Children are going into complete remission after just 12 weeks on the diet, a new study has discovered. Ten children with inflammatory bowel disease (IBD)—an umbrella term for Crohn’s and ulcerative colitis—were put on the diet, and eight were completely symptom-free by the end of the study. Suskind started exploring a dietary approach to IBD because he became convinced that the standard medical treatment of steroids or other medication was inadequate. “For decades, medicine has said diet doesn’t matter, that it doesn’t impact disease. Now we know that diet does have an impact, a strong impact. It works, and now there’s evidence,” he said.
END OF QUOTE
“For decades, medicine has said diet doesn’t matter, that it doesn’t impact disease”.
In this case, I must have studied an entirely different subject all these years ago at university – I had been told it was medicine but perhaps…???…!!!
It took me some time to find the original paper – they cited a wrong reference (2017 instead of 2016). But eventually I located it. Here is its abstract:
To determine the effect of the specific carbohydrate diet (SCD) on active inflammatory bowel disease (IBD).
IBD is a chronic idiopathic inflammatory intestinal disorder associated with fecal dysbiosis. Diet is a potential therapeutic option for IBD based on the hypothesis that changing the fecal dysbiosis could decrease intestinal inflammation.
Pediatric patients with mild to moderate IBD defined by pediatric Crohn’s disease activity index (PCDAI 10-45) or pediatric ulcerative colitis activity index (PUCAI 10-65) were enrolled into a prospective study of the SCD. Patients started SCD with follow-up evaluations at 2, 4, 8, and 12 weeks. PCDAI/PUCAI, laboratory studies were assessed.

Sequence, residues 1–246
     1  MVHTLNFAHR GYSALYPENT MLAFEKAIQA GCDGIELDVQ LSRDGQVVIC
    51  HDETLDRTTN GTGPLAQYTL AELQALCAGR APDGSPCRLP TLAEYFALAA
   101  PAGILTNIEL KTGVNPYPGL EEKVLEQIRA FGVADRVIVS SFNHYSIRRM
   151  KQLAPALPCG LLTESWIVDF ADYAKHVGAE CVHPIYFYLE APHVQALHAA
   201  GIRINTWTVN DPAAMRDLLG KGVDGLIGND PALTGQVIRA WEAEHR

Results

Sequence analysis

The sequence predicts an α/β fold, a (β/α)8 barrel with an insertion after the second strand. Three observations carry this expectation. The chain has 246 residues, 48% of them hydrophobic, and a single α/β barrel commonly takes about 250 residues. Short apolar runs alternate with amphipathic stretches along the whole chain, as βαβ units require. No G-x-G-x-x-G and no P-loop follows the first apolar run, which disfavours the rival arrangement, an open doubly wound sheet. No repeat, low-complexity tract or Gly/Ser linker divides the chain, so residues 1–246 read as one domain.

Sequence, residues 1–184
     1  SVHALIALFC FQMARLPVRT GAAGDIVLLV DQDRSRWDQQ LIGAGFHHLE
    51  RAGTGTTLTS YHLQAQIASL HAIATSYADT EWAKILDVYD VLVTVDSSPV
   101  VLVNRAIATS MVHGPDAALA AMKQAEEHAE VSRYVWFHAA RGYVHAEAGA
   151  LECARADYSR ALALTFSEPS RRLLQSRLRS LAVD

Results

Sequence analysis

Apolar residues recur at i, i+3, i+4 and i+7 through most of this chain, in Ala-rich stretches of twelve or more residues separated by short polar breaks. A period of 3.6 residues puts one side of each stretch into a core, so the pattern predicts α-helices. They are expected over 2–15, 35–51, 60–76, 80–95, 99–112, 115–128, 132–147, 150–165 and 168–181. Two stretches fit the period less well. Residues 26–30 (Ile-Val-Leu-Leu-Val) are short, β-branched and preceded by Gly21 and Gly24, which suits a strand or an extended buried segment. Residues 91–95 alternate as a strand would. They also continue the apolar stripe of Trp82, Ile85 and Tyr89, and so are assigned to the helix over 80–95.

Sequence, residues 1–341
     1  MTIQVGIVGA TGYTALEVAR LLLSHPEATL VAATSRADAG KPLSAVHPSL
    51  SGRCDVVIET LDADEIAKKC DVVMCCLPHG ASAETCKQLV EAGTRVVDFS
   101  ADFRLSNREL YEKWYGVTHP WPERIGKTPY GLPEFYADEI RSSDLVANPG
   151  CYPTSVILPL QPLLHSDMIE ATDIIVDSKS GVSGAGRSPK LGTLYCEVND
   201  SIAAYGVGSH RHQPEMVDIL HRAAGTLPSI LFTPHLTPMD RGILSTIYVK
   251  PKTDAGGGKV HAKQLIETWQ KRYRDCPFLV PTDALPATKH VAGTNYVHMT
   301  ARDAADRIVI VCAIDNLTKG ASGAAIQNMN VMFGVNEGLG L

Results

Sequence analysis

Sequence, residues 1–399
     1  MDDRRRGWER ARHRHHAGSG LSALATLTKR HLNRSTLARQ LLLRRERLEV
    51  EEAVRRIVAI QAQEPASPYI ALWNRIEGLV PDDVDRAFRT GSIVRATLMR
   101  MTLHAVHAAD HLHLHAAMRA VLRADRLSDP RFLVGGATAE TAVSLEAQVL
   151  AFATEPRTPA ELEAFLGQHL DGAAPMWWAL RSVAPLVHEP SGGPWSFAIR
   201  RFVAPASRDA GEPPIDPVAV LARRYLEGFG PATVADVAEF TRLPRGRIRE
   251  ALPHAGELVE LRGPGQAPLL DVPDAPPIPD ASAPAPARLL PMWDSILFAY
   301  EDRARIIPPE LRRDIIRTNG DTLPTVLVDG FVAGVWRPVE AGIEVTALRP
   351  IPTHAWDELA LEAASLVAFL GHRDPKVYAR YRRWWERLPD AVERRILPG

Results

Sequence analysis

Twelve patients, ages 10 to 17 years, were enrolled. Mean PCDAI decreased from 28.1±8.8 to 4.6±10.3 at 12 weeks. Mean PUCAI decreased from 28.3±23.1 to 6.7±11.6 at 12 weeks. Dietary therapy was ineffective for 2 patients while 2 individuals were unable to maintain the diet. Mean C-reactive protein decreased from 24.1±22.3 to 7.1±0.4 mg/L at 12 weeks in Seattle Cohort (nL<8.0 mg/L) and decreased from 20.7±10.9 to 4.8±4.5 mg/L at 12 weeks in Atlanta Cohort (nL<4.9 mg/L). Stool microbiome analysis showed a distinctive dysbiosis for each individual in most prediet microbiomes with significant changes in microbial composition after dietary change.
SCD therapy in IBD is associated with clinical and laboratory improvements as well as concomitant changes in the fecal microbiome. Further prospective studies are required to fully assess the safety and efficacy of dietary therapy in patients with IBD.
What does this mean?
The WDDTY report bears very little resemblance to the journal article (let alone with the title of their article or any other published research by David Suskind).
I cannot be sure, but I would not be surprised to hear that the latter was ‘egged up’ to make the former appear more interesting.
If that is so, WDDTY are (once again) guilty of misleading the public to the point of endangering lives of vulnerable patients.
SHAME ON EVERY OUTLET THAT SELLS WDDTY, I’d say.